When reading Michael Lewis great book about Daniel Kahneman and Alex Tversky, The Undoing Project, Lewis references several times the Yom Kippur War. The war had a big influence on the thinking of Kahneman and Tversky.
The references particularly piqued my interest because I was too young to understand what was happening during the conflict but it did not make its way into most history texts when I was in school. It was also interesting because in a matter of days it went from a war that looked like it could destroy Israel, there were rumors they were even considering the nuclear option, to a war where the entire Egyptian Third Army was encircled.
With changes on the battlefield that dramatic there had to be fantastic lessons in decision making so I decided to learn more about the conflict. By reading The The Yom Kippur War: The Epic Encounter That Transformed the Middle East by Abraham Rabinovich, I learned how the Yom Kippur War is a great case study in the biases and paradigms that form the foundation of Kahneman’s Thinking, Fast and Slow.
The danger of overconfidence
The Yom Kippur War highlighted one of the biggest errors in decision-making, over-confidence. If Israel had not mobilized its reserves shortly before the war started, the odds at the beginning of war would be in the Arabs’ favor by several orders of magnitude. The 100,000 Egyptian soldiers and 1,350 tanks west of the Suez canal faced 450 Israeli soldiers in makeshift forts and 91 Israeli tanks in the canal zone. On the northern front, where Israel faced Syria, the Syrians enjoyed 8 to 1 superiority in tanks and far greater in infantry and artillery.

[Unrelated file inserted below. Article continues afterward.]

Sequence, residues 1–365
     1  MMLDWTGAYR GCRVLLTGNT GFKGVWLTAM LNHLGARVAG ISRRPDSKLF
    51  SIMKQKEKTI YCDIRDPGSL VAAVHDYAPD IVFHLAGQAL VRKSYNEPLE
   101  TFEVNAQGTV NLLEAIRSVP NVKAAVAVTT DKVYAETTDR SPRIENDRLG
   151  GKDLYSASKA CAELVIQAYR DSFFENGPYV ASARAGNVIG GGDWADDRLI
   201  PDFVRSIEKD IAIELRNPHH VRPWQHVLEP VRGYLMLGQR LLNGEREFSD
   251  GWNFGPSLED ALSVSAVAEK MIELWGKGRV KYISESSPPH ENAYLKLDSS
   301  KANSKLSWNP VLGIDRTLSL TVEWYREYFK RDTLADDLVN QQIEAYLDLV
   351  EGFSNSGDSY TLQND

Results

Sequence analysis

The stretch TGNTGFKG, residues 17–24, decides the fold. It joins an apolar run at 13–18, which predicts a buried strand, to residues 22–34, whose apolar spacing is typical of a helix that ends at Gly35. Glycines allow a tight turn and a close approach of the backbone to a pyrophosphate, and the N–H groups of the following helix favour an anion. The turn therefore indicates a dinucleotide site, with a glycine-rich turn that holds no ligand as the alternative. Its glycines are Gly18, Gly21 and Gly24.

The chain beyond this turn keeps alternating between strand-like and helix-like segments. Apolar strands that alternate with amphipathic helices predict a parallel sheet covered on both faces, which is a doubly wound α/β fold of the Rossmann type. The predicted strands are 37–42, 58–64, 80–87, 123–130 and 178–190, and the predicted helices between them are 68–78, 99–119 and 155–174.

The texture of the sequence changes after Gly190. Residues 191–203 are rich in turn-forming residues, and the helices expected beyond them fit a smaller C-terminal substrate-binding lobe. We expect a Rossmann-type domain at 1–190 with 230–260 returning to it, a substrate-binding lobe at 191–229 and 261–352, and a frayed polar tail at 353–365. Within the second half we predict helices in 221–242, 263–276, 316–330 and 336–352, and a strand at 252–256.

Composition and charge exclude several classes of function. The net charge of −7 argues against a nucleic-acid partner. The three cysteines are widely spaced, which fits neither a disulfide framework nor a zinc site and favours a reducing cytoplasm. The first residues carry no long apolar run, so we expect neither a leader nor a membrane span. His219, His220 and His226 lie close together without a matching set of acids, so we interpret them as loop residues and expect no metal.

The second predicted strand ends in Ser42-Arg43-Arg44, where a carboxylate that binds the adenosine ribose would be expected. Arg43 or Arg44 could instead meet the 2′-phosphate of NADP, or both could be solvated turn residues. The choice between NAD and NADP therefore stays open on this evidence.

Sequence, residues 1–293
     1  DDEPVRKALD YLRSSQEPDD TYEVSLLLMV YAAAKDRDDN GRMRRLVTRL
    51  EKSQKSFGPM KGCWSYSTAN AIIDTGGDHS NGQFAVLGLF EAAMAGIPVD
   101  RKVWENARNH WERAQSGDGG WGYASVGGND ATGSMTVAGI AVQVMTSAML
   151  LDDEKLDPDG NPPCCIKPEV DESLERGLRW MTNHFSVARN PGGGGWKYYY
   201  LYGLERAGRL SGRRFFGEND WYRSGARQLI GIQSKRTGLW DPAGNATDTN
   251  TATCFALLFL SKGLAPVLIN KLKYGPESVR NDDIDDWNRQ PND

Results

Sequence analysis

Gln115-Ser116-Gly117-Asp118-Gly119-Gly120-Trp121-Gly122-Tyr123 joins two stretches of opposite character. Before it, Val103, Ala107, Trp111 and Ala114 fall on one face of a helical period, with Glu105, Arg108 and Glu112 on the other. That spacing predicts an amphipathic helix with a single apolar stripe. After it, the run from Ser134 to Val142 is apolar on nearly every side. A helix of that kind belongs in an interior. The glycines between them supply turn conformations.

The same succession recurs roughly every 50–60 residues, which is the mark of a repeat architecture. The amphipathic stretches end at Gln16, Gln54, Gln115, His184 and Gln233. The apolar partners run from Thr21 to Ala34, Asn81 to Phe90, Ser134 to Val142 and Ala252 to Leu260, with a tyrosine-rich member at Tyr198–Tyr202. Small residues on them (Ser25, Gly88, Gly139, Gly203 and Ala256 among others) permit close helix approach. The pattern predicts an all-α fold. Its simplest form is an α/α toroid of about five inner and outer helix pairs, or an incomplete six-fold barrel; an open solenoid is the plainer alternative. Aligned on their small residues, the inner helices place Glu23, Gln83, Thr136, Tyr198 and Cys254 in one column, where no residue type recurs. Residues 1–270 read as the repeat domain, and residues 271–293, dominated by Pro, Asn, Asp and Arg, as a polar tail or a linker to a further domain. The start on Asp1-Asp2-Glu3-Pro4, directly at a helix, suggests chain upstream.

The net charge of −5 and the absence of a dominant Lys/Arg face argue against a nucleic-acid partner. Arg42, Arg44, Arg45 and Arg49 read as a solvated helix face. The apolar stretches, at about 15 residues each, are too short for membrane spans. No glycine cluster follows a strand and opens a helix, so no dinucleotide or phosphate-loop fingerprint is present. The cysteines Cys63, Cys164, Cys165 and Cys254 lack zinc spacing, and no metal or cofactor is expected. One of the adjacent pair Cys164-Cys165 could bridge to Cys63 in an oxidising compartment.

The limited forces Israel deployed on both the Syrian and Egyptian fronts opposite vastly larger enemy armies reflected a self-assurance induced by the country’s stunning victory in the Six Day War. Israel believed it had attained a military superiority that no Arab nation or combination of nations could challenge.
Even when war appeared likely, the Israelis moved only a small number of forces to face the Syrians. Abramovich quoted the Israeli Chief of Staff, Dado Elazar as saying “’We’ll have one hundred tanks against their eight hundred, that ought to be enough.’ In that sentence, Elazar summed up official Israel’s attitude towards the Arab military threat.“
This overconfidence almost led to the collapse of the Israeli military. Abramovich wrote, “a common factor behind all these failings was the contempt for Arab arms born of that earlier war, a contempt that spawned indolent thinking.“
The reality was that the Egyptian and Syrian forces were not like their predecessors in earlier conflicts, but instead had the most modern Soviet weapons and a more disciplined and professional military. The overconfidence that prompted the Israeli military to not take seriously its opponents put its soldiers in an untenable position that led them initially to be overwhelmed.
Impact on your life
Given that you probably do not lead an organization with tanks and artillery, you may ask why should I care whether the Israeli military was overconfident. The lesson, however, that is pertinent is that underestimating your competition could be disastrous. Just because your competitor has not been able to develop a product in the past that is of comparable quality to your product, does not mean that they will never have that capability. You may dominate the market but your competition is working on ways to jump over you.